Vanderbilt Law Review


Robert W. Adler

First Page



The term "unfunded federal mandates" is used to challenge federal obligations imposed on states and localities without accompanying funding. Unfunded mandates were alluded to by both the majority and dissenting opinions in Printz v. United States, in which provisions of the Brady Handgun Violence Protection Act were invalidated by the U.S. Supreme Court on Tenth Amendment grounds. In this Article, Professor Adler critiques the fiscal, legal, and policy arguments against unfunded federal mandates. This analysis, in turn, raises two broader issues. First, is the concept of unfunded mandates independently useful to the nation's ongoing debate about federal- ism? Second, does the mandate issue provide insight into the key legal question of whether judges or elected officials are best suited to decide the appropriate roles of the federal and state governments?

Following a brief history of the debate over unfunded federal man- dates, the Author analyzes the term and its component parts and concludes that the phrase has been used too broadly to challenge actions that are not properly "unfunded," "federal," or "mandates." Next, Professor Adler concludes that past efforts to assess the costs of unfunded federal mandates seriously overstated the costs of such mandates to states and cities. Moreover, he argues that the costs of federal mandates are more than offset by all forms of federal aid and that states and cities remain net beneficiaries in intergovernmental fiscal relations. The legal analysis concludes that, for most purposes, the degree of funding attached to federal programs is not relevant to their validity on Tenth Amendment grounds. Last, the Author challenges the presumption that unfunded federal mandates are "bad" on normative grounds, rather than legitimate, neutral policy choices about what level of government should decide and pay for various aspects of public policy.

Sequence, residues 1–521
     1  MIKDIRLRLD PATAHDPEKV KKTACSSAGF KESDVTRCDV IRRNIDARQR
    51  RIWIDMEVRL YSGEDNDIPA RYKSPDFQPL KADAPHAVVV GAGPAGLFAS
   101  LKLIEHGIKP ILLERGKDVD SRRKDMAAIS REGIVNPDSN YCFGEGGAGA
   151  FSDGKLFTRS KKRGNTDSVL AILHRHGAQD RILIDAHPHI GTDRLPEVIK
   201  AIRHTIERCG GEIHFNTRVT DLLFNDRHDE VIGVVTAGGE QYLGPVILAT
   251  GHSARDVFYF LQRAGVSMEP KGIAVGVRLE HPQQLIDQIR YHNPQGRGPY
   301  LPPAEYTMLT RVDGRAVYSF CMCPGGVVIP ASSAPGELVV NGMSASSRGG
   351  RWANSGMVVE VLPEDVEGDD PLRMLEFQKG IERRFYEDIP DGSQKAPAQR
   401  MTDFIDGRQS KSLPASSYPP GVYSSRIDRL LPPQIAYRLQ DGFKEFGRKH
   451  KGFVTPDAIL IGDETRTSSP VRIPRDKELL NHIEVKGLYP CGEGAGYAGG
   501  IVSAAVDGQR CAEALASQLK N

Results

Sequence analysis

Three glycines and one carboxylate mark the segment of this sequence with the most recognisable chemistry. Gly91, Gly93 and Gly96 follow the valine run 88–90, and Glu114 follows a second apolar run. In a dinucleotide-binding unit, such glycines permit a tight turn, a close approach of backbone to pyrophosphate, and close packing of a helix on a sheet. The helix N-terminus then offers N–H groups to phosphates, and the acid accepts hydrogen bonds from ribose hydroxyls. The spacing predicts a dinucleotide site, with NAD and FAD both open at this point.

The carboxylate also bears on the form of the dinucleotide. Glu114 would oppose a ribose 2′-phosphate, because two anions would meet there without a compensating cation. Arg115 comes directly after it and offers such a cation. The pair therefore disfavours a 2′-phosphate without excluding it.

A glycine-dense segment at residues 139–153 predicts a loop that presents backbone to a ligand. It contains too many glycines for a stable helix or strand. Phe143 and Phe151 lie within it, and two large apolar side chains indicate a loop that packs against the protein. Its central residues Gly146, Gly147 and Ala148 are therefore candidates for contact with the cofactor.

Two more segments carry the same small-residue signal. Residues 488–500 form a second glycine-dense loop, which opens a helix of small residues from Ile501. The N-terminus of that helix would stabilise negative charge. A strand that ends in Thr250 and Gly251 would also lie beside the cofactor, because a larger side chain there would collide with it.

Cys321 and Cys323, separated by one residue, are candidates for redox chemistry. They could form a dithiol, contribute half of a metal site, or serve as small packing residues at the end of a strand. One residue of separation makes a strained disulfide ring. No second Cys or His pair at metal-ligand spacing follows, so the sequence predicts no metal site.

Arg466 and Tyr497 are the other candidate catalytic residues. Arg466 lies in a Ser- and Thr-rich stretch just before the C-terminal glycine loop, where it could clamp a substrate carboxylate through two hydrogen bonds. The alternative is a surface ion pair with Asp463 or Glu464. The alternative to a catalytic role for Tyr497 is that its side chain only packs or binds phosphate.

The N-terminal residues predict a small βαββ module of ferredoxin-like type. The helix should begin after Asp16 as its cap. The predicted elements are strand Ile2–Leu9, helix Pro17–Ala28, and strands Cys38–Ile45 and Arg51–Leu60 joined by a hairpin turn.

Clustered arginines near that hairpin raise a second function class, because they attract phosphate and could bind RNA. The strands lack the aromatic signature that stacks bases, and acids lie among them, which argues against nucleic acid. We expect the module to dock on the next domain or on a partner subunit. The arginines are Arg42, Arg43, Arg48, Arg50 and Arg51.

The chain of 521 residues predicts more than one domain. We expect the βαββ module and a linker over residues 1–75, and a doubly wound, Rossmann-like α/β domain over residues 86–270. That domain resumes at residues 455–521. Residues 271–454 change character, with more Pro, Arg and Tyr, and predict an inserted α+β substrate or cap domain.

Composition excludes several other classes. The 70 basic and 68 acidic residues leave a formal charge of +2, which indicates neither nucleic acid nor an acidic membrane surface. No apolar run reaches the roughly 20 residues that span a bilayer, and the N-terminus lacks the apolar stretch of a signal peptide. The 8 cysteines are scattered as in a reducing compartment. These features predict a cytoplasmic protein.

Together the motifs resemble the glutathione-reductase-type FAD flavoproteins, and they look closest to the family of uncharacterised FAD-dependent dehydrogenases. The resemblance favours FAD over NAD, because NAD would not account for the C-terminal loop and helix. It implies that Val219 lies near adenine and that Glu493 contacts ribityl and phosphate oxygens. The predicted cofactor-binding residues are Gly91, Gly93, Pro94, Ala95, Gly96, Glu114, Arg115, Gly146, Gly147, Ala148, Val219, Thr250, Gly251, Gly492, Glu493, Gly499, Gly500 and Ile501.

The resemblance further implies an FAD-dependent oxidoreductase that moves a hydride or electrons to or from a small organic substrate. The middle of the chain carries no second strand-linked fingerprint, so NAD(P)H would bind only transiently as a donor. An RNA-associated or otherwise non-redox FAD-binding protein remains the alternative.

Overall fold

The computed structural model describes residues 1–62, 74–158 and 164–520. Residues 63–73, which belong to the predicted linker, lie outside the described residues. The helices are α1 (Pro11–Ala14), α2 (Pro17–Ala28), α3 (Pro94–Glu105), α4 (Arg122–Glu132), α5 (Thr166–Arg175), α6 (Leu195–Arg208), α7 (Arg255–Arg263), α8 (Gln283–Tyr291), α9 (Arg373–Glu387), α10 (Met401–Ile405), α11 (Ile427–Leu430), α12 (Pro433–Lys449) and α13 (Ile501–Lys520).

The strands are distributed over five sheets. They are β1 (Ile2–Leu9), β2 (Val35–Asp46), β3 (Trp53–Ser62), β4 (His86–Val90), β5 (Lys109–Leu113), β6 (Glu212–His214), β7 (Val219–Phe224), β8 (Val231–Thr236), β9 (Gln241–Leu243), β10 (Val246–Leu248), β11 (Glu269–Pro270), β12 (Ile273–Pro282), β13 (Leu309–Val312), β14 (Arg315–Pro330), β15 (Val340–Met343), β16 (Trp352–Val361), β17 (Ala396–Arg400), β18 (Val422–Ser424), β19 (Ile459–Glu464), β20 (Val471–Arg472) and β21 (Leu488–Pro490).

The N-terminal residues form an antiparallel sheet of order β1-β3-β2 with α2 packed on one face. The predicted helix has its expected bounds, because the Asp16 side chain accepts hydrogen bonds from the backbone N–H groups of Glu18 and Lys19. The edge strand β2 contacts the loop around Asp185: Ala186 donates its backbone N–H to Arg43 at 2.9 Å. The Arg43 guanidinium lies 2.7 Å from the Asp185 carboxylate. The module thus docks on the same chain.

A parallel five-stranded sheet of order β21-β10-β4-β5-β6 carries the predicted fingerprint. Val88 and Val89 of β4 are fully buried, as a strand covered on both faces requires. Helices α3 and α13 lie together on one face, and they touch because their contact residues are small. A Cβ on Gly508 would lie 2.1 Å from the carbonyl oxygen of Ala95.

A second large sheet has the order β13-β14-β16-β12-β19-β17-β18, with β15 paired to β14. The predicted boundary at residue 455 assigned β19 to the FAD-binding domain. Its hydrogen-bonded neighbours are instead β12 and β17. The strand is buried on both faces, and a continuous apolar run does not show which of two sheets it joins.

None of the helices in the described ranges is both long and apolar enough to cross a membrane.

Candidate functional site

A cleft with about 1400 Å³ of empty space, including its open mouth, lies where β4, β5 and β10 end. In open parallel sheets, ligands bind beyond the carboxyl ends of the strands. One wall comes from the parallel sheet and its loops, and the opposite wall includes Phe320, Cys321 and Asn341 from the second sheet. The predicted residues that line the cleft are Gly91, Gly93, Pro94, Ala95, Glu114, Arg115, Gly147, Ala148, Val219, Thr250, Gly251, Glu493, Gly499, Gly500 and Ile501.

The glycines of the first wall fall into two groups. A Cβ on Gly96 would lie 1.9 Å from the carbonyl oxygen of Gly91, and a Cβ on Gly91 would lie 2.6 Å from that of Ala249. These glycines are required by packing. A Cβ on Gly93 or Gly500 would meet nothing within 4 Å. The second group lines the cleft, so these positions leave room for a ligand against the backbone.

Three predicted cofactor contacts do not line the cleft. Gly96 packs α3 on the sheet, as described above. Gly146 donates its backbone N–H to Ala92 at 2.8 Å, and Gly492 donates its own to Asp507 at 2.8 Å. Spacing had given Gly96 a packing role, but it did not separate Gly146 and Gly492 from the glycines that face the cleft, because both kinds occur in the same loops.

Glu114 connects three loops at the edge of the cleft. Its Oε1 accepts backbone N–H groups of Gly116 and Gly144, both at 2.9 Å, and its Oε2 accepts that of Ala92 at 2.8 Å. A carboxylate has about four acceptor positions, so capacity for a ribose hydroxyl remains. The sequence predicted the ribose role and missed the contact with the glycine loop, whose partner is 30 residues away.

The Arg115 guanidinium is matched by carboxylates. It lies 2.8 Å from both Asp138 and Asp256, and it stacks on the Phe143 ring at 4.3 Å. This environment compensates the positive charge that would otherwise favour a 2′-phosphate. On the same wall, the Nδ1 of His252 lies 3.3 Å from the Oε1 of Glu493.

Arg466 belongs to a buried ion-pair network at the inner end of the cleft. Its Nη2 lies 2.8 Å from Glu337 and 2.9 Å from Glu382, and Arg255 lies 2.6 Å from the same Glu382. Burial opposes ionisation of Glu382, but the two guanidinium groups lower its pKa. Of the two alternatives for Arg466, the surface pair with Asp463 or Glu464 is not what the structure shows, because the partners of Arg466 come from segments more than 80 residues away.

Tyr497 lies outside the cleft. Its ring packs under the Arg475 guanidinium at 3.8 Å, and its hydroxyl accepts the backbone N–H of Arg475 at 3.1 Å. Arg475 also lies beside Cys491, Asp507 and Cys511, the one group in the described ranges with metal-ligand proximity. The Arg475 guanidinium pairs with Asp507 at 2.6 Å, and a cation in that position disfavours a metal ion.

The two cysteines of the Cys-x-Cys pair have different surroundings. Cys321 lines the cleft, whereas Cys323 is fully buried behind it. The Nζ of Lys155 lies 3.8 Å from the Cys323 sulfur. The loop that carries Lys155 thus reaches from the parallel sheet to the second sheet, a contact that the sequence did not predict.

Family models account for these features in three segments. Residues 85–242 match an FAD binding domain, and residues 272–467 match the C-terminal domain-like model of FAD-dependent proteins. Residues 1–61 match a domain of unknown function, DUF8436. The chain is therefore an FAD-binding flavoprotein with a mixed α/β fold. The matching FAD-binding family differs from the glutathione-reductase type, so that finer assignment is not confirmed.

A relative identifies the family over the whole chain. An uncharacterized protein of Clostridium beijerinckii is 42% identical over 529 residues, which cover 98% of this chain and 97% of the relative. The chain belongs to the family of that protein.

Because the unfunded federal mandate terminology defies precise definition, because it is legally irrelevant to the validity of federal programs on constitutional grounds, and because such mandates can be supported as well as opposed on normative grounds, Professor Adler concludes that the mandate concept provides little independent utility to the ongoing debate about federalism. Moreover, since elected officials can properly weigh the costs and benefits of individual mandates in the context of overall federal tax, spending, and regulatory policy, while federal judges are limited to discrete challenges to individual federal programs, the analysis lends strong support to the view that the political branches are better equipped than the judiciary to decide important issues of federalism.